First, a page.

He held her close in the silence and the darkness. He felt her sigh; her body contracted and was stiff and distant in his arms. “What’s wrong?” he whispered, relaxing his hold. A few moments of silence passed. A tentative patter of raindrops began to drum the roof of the cabin.
“I’ve never spent so much time with a sighted person before,” she answered at last.
“Is that a problem?”
“Well. It just makes me feel like I’m missing out on something. More than usual.”
He lay still, thinking. “Can I help somehow?”
“Tell me what it’s like.”
“Tell me about the night sky.”
“Well. It’s big. Huge. It’s dark,” he began, hearing how inadequate the words were the moment he said them. He began again.
“You know when you’re outside really late at night, and everything is very quiet? You can sort of hear the silence expanding way into the distance?”
“Yes,” she said slowly.
“It looks like that. And it’s full of stars.”
“What do stars look like? How is it full of them?”
He paused to think, listening to the rain beating harder.
“They look like raindrops,” he decided. “You know how, if you’re outside in the rain, you can feel drops hitting you. Some bigger, some smaller. Sprinkled throughout the sky. Does that make sense?”
“Sort of. How big are they?”
“They look tiny. Like the head of a pin. And when you’re far away from the city, you can see so many more of them. So, still going with rain here, instead of just experiencing the raindrops that are striking your skin, you can see thousands of them falling towards you. And there are so many of them, at so many different distances, that you can imagine thousands more of them that are still too far away to perceive.”
“I understand,” she said dreamily. “What about a sunset?”
“A sunset looks warm. Even if it’s cold out. You know how a flame works? The middle is the hottest, and it sort of fades out from there. A sunset is like that, except instead of fading out in a circle, it’s in a line. The sun goes below the horizon—the long, flat line of the ground—and so just above the ground is like the hottest part. And it fades up from there, looking cooler and cooler until it reaches the night sky.”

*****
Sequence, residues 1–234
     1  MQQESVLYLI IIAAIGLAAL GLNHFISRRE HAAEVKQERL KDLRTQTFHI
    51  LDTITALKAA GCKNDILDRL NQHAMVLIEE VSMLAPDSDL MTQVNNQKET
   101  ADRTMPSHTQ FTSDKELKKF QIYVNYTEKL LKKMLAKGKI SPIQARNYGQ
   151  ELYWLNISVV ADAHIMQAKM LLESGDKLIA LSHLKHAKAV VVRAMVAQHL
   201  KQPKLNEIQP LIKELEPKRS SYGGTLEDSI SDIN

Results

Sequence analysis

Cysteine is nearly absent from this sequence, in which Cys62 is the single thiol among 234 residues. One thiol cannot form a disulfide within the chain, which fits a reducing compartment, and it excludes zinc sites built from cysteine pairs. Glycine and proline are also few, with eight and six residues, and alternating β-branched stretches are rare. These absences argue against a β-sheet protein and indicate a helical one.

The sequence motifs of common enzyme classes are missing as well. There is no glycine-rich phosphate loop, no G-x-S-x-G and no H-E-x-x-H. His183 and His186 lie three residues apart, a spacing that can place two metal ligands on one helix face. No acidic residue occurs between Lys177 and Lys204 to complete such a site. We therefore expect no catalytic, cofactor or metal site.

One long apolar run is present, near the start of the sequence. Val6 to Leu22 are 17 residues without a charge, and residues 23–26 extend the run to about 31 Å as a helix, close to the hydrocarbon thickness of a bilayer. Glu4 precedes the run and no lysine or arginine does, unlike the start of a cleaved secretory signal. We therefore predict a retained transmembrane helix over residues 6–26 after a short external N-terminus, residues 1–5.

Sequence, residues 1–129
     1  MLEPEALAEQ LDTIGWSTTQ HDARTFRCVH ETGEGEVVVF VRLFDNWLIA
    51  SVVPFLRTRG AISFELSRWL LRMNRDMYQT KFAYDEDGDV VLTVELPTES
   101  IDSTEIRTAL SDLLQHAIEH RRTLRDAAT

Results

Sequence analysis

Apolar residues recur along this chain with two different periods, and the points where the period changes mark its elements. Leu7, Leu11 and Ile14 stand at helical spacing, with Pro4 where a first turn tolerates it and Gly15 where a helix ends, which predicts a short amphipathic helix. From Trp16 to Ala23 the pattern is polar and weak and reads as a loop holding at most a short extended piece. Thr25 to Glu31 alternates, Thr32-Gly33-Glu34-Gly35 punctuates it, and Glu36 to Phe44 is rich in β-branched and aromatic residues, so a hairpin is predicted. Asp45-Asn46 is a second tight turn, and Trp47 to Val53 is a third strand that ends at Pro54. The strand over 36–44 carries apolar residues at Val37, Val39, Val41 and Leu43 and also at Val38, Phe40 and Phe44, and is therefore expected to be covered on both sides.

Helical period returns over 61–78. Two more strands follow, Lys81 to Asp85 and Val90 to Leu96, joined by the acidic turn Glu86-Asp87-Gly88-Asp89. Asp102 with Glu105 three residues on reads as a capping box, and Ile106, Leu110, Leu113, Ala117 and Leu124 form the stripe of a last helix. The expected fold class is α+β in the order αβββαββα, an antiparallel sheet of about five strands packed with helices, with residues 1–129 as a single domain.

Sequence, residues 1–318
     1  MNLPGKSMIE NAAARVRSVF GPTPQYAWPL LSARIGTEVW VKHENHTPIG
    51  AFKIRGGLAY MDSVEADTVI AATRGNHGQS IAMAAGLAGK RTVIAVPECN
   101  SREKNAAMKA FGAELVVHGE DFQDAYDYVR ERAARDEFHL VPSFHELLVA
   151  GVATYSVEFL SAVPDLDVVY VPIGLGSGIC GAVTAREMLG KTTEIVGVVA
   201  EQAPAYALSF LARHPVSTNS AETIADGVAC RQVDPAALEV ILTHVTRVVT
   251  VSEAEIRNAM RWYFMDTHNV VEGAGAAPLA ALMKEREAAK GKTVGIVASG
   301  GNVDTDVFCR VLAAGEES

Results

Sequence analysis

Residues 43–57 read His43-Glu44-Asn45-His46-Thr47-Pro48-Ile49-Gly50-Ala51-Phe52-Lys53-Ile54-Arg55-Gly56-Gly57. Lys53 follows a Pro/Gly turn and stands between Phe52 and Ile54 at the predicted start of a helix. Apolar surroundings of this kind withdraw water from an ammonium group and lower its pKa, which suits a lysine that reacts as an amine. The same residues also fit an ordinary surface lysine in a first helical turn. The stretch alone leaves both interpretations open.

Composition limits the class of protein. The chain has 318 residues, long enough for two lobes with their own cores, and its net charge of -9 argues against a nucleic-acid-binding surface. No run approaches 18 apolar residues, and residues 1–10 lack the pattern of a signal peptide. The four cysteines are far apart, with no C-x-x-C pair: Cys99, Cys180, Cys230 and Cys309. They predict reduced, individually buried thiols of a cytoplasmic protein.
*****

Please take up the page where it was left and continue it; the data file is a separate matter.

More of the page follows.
“And the stars.”
“Yes, and the stars. You don’t see many of the stars until the sun is fully gone. They slowly start to appear at the edges where the light starts to cool down. But instead of temperatures, we see changes in colour.”
“I’ve heard so much about colour,” she said mournfully.
“It’s definitely a hard one to explain. The closest I can think of is heat. We even describe it like that—there are warm colours and cool colours. Red is the hottest, so people associate it with hot emotions: rage and passionate love. And blue is the coolest, so it’s linked to the opposites: calmness and sadness or loneliness. Red is at the hottest part of the sunset: like rage and love, it’s in your face. It’s so close you can’t ignore it; you can’t think about anything else. And blue is at the very edge of the sunset, past all the warmth. It’s feelings that are far away.”
“I like this game.” She had relaxed in his arms. “What’s a shadow?”
“You know how structures can block waves? Like, a noise on the street is louder if your window is open, and even louder if you’re outside? Well, they do the same to light waves. The sun comes from one direction. You can feel it on your face or back, right? But not at the same time. But the waves of light, like the waves of sound, hit your body and get blocked. So whatever’s directly opposite where the sun hits you—the ground, usually—doesn’t get exposed to light. And it makes a pattern—a shape of your body.” He traced her outline, his finger gently travelling around her shoulder, up her neck, around her ear. “You can see the outline of a body—or any structure—copied onto the ground.”
He waited for her to ask about another sight, but her breathing had grown soft and even. He felt himself growing drowsy, too, as the rain pattered on the roof in the darkness.